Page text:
I, Tonya
Directed by: Craig Gillespie
Written by: Steven Rogers
Starring: Margot Robbie, Allison Janney, Sebastian Stan, Julianne Nicholson, Paul Walter Hauser

Review by Stephanie Cooke

If you had given me a list of all the films that I would see in 2017 at the beginning of this year and asked me to pick out the ones that would be my favourites, I would not have guessed that I, Tonya would be on that list.

I, Tonya is the story about the controversial figure skater, Tonya Harding and her life story from when she started skating to the end of her career. It details her family life,  relationships, and of course, her skating. All of this in a 2-hour long feature out on December 7.

I was completely impressed with the range of emotions I felt throughout the entire film. Robbie’s performance as she portrayed a woman who was essentially burned at the stake for a very minimal role in what is referred to as “The Incident.” In the film, it’s pointed out that she’s essentially been handed a life sentence when they take away the only thing she has. The men who had a far more prominent role in the actual crime and the complete destruction of Tonya— got two-year sentences and were released within eight months (at least in the case of Jeff). I really and truly felt for Tonya in this movie… I did.

There’s one part in the film where Tonya talks about the abuse she endured throughout her life. This is something that comes up a few times. In one particular instance, she talks about how everyone around her abused her, and that wasn’t limited to the people that she knew. She points out the the whole world attacked her and in that, also became her abusers. In an era where there’s such reactionary responses to everything on social media, Tonya Harding experienced something very similar to what I see happen regularly online.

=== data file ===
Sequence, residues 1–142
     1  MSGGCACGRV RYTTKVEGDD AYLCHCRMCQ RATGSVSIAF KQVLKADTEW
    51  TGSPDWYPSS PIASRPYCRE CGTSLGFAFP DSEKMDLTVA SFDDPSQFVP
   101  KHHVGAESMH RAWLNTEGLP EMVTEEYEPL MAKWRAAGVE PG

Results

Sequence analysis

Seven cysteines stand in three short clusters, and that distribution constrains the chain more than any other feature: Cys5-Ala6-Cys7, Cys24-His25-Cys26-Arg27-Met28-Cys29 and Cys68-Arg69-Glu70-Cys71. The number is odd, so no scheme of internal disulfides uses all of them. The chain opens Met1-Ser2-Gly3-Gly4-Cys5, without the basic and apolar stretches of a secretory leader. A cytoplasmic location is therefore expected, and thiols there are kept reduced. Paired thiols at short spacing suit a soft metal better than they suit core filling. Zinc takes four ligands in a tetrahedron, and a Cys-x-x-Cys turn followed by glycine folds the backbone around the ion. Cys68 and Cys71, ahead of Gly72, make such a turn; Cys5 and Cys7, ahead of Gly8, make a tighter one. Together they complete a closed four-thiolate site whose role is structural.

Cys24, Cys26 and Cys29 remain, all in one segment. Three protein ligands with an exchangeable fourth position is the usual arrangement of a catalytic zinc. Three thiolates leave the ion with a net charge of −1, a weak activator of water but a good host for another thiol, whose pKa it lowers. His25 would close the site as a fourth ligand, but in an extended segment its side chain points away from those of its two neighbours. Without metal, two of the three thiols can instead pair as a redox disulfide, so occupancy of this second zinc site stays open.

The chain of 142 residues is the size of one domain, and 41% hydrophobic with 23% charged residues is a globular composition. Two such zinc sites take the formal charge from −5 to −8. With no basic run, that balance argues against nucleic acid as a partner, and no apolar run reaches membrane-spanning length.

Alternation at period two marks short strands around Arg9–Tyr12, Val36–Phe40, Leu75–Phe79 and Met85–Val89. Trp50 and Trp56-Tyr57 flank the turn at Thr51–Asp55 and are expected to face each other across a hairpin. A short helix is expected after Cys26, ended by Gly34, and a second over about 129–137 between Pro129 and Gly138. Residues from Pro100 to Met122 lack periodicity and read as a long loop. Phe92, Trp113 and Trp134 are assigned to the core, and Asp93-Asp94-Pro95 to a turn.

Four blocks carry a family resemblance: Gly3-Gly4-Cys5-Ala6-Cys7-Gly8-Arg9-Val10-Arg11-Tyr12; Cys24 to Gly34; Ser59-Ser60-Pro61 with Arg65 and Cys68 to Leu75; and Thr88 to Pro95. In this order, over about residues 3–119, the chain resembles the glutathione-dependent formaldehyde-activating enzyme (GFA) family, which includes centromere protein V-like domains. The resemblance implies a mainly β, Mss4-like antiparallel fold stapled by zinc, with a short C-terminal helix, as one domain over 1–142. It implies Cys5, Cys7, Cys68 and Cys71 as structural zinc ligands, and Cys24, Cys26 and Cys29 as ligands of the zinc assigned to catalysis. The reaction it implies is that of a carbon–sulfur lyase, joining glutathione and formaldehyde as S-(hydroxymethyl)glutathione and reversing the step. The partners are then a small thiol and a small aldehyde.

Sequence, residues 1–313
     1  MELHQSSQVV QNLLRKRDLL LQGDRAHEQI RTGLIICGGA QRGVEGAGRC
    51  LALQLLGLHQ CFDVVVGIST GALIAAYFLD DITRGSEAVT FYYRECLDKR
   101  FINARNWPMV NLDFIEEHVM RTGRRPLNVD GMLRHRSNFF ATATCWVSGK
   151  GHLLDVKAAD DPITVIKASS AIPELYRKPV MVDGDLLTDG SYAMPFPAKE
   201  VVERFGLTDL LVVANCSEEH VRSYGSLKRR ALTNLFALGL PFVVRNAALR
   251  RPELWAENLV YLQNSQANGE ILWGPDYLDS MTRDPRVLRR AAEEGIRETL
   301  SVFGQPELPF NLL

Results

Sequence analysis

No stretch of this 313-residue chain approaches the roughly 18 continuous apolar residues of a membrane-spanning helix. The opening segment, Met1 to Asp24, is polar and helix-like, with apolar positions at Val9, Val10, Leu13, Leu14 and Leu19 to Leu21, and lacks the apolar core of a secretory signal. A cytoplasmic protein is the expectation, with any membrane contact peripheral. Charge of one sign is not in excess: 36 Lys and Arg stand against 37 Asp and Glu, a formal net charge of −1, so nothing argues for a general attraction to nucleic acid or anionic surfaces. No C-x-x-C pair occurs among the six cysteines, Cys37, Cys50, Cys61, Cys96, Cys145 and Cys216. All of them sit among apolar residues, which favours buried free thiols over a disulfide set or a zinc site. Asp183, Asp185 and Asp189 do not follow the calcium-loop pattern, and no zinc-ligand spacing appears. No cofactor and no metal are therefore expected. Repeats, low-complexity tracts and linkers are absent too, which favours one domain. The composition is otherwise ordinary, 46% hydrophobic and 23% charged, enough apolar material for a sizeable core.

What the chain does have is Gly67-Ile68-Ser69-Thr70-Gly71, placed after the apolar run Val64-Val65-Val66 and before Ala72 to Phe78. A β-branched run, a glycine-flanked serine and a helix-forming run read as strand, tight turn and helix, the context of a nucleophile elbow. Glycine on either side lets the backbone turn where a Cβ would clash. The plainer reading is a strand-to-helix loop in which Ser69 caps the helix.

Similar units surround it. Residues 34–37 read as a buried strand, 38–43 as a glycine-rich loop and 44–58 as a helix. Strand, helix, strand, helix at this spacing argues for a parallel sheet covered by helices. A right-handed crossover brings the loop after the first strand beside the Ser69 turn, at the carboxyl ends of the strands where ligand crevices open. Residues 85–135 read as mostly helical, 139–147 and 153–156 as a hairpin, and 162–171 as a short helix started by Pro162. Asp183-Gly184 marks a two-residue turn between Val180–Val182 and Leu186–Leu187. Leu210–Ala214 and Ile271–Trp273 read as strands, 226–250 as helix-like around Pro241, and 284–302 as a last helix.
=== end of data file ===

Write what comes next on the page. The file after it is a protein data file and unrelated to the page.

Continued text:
Robbie emotes so strongly and puts forward the performance of a lifetime within I, Tonya. Every single thing that she felt throughout the movie, I felt in my theatre seat. She is so clearly invested in the role and telling Harding’s story, and she just WORKS so well here.

All of the cast was exceptional in the film. Allison Janney plays Tonya’s toxic (as an understatement) mother and early on is a complete scene stealer. It’s not to say that she isn’t great later in the film too. Her role is significantly less prominent than when Tonya is young and still a minor needing to live at home.

While Sebastian Stan is great in the film as Jeff Gillooly, he’s incredibly hard to watch on screen as he plays Tonya’s abusive husband who eventually sets events in motion that lead to “The Incident.” I’ll use the word toxic here again to describe things as I think it says a lot that Tonya went from one toxic relationship to another. She’s desperately looking for someone to love her and treat her right— something that the film does a great job of also portraying on screen.